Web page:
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MonkeyNotes-Electra by Euripides
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Notes

The main theme of Electra is the theme of the daughterís intense hatred for the mother. Whatever be the reason, the situation is abhorable. Electra is a study of reality. Its men, women and gods are not depicted as better than they really are. Euripides aims to show that they are not as great as they have been considered to be.

Revenge often played an important role in Greek tragedies. This gave an unpleasant hue to otherwise attractive characters. In Electra, Euripides too deals with the revenge saga. Aeschylus justifies and purifies Orestes in the end. Sophocles depicts the act of killing Clymenestra as just and noble. Euripides hints that the act of murder was caused because of Orestesí weakness. He is faced with a dilemma as to whether he should face his own moral instincts or obey Apolloís oracle. The brutality of the command is as much a challenge to Orestes, as the command to sacrifice Iphigenia had been to his father. The apparent reasons for killing Clymenestra and Aegisthus are to avenge the death of Agamemnon, and also to obey the order received through Apolloís oracle. However, the psychical reasons are more. The child admires the motherís capacity to feed. Yet he is envious of this capacity and wishes to destroy this creativeness on which he/she is dependent. Similarly there is an envy of the fatherís capability and potency. This envy can come to the fore in case of adults and make them consciously or unconsciously wish for the elimination of the parent. Envy is primarily directed towards the motherís breast, and this results in the desire to make her helpless.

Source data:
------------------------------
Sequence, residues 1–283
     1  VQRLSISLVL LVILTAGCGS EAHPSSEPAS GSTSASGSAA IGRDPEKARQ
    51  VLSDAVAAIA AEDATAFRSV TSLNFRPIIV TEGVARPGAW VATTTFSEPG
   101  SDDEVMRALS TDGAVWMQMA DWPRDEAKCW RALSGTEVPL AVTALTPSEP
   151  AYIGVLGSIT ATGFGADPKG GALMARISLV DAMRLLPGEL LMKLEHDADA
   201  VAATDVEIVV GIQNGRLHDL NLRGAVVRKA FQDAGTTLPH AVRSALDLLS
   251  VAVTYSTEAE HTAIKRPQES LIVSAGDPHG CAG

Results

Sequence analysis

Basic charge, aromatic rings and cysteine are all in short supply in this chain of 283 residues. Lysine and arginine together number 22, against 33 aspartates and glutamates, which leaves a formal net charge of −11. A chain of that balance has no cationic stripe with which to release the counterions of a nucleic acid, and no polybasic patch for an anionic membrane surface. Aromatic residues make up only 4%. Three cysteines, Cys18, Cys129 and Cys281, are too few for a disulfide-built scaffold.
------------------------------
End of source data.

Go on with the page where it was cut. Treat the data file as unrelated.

Clymenestra shows her breast to her children while she pleads for mercy hoping that they will spare her, realizing that she has fed them and looked after them during their infancy. But it is of no avail. It is not merely revenge and Apolloís oracle, but also envy at the deep unconscious level that makes Orestes strike her.

In Euripidesí Electra as well as Oresteia "hubris" plays an important role. "Hubris" is a literary term for insolence or pride. Agamemnon is more concerned about winning the war of Troy and becoming "king of kings." His countrymen, family and their feelings are not important to him. He is away at war for ten long years after sacrificing his daughter Iphigenia. He is inconsiderate about the anguish of his wife who is the mother of Iphigenia. Many people of his country die during the war. Women are widowed. Mothers lose their sons. He brings Cassandra who has been his lover. The excuse he gives is that he should be compassionate to the people whom he has conquered. But actually he wants to keep her for his pleasure. His destructiveness involving his near and dear ones is perhaps a remnant of his desire to destroy his parents (and may be siblings) during his childhood. In an adult this infantile attitude can diminish compassion.

In killing, Agamemnon, Clymenestra acted as a tool of justice. She punished him for the wrongs he had committed. She is not guilty or remorseful after having killed her husband. She then lived in luxury quite content with her new husband Aegisthus. In contrast to her, Orestes is overcome by tremendous feelings of guilt at having committed the murder of his mother. But he feels no remorse or guilt about murdering Aegisthus. His motives for both the murders are duty and love. He loves his dead father and identifies with him. There is hardly anything in the play to show that he wanted to triumph over his mother. He murders her partly due to Electraís instigation and partly due to the oracle. It is worthwhile to note that the main elements of "hubris" such as envy and the desire to triumph at any cost are not dominant in him.

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